Positive feedback builds a person’s self-esteem and sense of self-efficacy. It respects and values their contribution and encourages positivity in the workplace.

Corrective feedback is designed to correct performance/ behaviour so that the staff member can meet the job expectations. If it is provided in a professional manner it can be generate respect – the focus being on the performance/ behaviour, not the person or their personality.

In both forms of feedback, it is important that the feedback is timely, specific, accurate and sincere.

Resources

It is unreasonable and damaging to mental health to provide staff with resources that are inadequate to enable them to meet job expectations – this includes the provision of training in both performance and behavioural requirements. In terms of assisting people who have mental health issues, it is important to provide access to independent, external health professionals to give adequate support for the individual involved. What is often overlooked is the need to train managers in how to deal with mental health issues in the workplace – resulting in managers experiencing undue stress and, potentially, burnout.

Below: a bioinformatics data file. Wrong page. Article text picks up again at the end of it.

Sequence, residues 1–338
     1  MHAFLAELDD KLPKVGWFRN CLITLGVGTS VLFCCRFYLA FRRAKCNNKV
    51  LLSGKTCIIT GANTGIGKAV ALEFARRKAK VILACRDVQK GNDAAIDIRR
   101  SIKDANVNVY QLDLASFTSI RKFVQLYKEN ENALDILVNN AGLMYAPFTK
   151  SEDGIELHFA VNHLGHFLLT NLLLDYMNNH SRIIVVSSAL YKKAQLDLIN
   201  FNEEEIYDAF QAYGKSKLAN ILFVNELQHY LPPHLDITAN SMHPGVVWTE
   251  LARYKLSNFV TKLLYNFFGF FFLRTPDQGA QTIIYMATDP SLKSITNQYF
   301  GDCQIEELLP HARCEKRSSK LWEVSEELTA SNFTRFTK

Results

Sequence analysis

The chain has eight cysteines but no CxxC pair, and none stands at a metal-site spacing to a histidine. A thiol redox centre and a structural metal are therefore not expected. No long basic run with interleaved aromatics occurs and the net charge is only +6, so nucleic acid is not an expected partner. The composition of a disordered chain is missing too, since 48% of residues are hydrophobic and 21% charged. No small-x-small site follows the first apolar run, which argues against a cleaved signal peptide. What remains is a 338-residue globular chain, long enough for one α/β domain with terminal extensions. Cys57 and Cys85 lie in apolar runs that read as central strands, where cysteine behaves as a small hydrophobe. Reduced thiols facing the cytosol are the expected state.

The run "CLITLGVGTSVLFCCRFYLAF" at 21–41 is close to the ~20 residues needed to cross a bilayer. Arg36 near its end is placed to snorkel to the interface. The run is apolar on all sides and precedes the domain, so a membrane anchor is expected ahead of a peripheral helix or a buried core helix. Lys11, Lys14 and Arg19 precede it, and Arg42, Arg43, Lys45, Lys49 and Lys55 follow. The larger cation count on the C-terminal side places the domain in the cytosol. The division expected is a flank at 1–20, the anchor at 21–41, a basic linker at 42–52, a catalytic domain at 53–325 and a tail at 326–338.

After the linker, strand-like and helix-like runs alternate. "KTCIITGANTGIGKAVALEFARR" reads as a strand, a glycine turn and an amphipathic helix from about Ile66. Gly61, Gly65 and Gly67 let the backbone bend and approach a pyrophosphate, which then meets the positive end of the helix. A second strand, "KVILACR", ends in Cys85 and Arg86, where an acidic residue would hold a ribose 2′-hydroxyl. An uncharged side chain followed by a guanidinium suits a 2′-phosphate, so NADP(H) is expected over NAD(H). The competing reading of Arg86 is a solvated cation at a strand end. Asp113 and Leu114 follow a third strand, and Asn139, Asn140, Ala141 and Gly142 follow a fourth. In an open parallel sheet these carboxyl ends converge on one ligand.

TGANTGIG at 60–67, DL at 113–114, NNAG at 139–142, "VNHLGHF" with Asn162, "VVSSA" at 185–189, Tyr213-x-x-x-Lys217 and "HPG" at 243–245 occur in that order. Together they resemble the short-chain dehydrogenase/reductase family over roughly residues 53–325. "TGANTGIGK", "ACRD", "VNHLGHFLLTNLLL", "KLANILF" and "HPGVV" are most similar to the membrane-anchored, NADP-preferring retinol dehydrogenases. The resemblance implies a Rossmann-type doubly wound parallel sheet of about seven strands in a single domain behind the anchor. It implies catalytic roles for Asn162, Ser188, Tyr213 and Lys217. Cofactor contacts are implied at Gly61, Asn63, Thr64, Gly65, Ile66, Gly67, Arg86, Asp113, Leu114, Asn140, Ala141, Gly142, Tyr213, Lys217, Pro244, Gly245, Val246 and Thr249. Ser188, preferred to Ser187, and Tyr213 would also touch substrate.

Listening for understanding

If a manager is to genuinely meet the needs of staff, they have to have skills in active listening. One component of this is empathetic listening skills – the ability to understand the emotions involved for the other person, to empathise with them and to work with them to help alleviate the associated pain where possible.

Being present

Underpinning the above elements of a healthy workplace culture is the capacity of a manager to be really present to their staff.  Listening for understanding, communicating expectations and providing feedback (both positive and corrective), require the manager to be in-the-moment and really present to their staff.

As managers grow in mindfulness, they are better able to create workplace environments conducive to mental health. Kindness and gratitude form part of the emergent skill-set and these, in turn, contribute mental health and happiness, not only for staff but also for the manager.

By Ron Passfield – Copyright (Creative Commons license, Attribution–Non Commercial–No Derivatives)